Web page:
Innovative Design for Seniors
Arriving at creative solutions requires the consistent belief that architecture can be better for its inhabitants. Reevaluating modern designs with innovative technology, we’ve committed to finding the best possible materials and technology to enhance the lives of seniors who are living out their days away from home. We are relationally and socially focused, which means the facilities we design take into account the unique challenges and strains of seniors with dementia of all phases. Understanding what innovative technology is available and utilizing it is a key component to our process.
Creating Recession-Proof Systems
Building has always been an immense expense, but with rising prices due to inflation and an unstable economy, we are seeing projects derailed, drawn out, or even paused indefinitely. We have adapted a design methodology to respond intelligently to these unexpected fluctuations and demands, reducing risk for our clients and keeping projects on track.
The Benefits of Cloud Collaboration & BIM
Architecture, in a fundamental sense, began as a basic human need; a means for survival and function. In the present day, it has evolved into an artistic representation of cultural values or societal rhythms. As design evolves, so do the tools we use. When ARFAi was founded, we still drew buildings by hand, turning sketches to elaborate renders on large wooden tables, surrounded by a selection of instruments and paper.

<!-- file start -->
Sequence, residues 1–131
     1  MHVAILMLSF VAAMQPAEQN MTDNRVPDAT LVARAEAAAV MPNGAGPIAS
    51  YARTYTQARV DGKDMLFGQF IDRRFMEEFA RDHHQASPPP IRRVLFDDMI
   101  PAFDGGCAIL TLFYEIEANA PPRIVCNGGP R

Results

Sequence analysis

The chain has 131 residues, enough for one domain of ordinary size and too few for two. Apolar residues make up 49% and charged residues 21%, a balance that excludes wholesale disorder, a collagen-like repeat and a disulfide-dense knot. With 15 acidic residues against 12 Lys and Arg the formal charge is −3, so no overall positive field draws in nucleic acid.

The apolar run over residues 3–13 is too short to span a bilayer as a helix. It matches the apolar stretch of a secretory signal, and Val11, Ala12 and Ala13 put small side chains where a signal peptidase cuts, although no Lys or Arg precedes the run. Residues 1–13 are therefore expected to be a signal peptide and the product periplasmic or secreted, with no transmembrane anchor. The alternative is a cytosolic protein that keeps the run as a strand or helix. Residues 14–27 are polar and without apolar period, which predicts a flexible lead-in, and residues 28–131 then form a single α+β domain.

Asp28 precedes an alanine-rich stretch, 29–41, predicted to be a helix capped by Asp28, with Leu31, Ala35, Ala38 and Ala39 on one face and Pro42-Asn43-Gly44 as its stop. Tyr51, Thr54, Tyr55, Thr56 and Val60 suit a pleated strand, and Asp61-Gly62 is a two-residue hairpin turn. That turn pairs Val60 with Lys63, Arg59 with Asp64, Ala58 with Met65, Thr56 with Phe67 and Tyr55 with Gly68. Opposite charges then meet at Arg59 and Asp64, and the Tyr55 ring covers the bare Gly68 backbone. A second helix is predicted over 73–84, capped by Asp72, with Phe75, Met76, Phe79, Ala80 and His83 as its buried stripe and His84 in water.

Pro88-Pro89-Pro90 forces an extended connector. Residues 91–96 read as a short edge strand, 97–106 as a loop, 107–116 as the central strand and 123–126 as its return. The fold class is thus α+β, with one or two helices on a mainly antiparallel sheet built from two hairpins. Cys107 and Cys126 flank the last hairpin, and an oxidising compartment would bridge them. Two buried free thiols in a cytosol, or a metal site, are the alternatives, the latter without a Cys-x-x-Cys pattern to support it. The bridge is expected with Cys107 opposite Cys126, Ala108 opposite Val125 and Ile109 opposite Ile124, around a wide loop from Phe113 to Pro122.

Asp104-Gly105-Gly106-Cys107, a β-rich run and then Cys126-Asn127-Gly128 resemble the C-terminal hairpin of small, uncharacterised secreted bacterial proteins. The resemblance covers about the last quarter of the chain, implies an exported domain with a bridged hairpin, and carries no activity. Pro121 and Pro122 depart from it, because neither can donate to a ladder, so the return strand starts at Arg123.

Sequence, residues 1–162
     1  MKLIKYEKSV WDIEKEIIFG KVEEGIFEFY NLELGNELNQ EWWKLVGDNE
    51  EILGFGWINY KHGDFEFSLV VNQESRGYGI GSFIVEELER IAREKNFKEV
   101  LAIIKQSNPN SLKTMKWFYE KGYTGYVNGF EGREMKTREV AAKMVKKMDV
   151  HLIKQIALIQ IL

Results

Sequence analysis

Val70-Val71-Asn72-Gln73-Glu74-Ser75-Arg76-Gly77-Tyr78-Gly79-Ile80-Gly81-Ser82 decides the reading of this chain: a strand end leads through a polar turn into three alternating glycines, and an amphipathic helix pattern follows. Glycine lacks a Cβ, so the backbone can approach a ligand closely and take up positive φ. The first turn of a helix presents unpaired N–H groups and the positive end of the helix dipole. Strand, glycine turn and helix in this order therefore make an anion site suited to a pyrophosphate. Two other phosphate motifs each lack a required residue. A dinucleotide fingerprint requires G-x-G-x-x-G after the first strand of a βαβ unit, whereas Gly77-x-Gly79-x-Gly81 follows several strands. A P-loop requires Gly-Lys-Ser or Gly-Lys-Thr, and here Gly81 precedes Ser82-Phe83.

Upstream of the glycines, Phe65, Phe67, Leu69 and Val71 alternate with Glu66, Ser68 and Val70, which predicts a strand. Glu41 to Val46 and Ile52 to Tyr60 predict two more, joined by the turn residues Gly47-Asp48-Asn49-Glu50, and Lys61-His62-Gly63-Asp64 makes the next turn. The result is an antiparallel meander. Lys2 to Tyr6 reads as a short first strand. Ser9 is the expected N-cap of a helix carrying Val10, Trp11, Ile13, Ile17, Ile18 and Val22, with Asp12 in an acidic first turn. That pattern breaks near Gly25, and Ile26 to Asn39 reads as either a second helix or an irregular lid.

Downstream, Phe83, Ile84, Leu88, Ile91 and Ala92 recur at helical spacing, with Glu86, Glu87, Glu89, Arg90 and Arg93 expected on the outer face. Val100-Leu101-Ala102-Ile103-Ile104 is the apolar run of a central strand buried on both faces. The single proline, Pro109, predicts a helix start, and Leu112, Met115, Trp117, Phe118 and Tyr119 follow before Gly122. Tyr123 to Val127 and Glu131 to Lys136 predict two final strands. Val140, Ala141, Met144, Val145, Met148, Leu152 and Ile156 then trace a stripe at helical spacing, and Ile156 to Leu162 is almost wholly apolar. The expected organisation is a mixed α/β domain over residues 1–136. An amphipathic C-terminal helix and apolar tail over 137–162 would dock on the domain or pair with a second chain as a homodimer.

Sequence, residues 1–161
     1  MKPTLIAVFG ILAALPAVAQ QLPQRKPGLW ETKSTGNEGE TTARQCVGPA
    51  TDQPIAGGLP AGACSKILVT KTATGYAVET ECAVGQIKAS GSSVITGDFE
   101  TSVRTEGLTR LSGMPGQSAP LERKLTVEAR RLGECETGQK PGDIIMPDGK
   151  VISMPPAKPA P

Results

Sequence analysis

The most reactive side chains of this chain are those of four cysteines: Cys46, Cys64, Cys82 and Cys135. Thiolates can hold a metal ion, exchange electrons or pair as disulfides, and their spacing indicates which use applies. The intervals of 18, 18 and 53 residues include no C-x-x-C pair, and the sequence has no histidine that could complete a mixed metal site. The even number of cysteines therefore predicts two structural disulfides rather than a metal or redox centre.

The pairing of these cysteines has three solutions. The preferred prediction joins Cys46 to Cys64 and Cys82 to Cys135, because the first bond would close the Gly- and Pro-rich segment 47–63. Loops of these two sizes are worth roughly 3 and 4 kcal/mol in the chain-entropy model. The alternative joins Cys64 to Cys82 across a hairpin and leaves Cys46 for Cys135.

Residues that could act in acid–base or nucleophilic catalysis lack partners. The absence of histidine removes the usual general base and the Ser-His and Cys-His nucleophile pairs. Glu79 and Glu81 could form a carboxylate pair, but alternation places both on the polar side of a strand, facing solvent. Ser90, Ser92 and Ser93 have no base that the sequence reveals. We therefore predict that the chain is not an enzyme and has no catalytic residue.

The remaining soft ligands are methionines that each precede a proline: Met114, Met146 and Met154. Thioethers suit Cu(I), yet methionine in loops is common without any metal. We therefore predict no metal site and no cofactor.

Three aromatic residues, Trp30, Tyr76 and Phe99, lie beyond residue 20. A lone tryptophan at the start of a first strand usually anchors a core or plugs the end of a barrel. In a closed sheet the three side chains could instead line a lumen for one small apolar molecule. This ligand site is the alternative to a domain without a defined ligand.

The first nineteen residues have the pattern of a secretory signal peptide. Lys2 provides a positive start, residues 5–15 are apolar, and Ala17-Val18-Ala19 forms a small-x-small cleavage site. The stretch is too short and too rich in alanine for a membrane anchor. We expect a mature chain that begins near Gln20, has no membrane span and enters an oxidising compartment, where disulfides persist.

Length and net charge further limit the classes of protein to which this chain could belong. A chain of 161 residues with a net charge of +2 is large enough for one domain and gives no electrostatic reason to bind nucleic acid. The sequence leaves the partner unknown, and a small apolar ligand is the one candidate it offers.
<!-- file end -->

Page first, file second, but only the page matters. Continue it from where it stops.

Transforming Renovations with LIDAR Scanning
Working on a renovation project is a meticulous endeavour, and a process that requires precision and accuracy. Recent technological advances with LIDAR surveys, also known as high definition surveying or reality capture, have allowed our firm to measure any physical site and transfer it into a digital space with remarkable accuracy.
Ergonomics of Space
The design of a space is relative to our movements. We don’t go into design selfishly – by considering human factors and ergonomics, we ensure that the systems and structure fits the people who use any given space, not the other way around.
Consider the kitchen: the sink, fridge and oven typically make a triangle shape. Developed in the early 20th Century, architects and designers keep the “triangle rule” in mind based on natural human behaviors.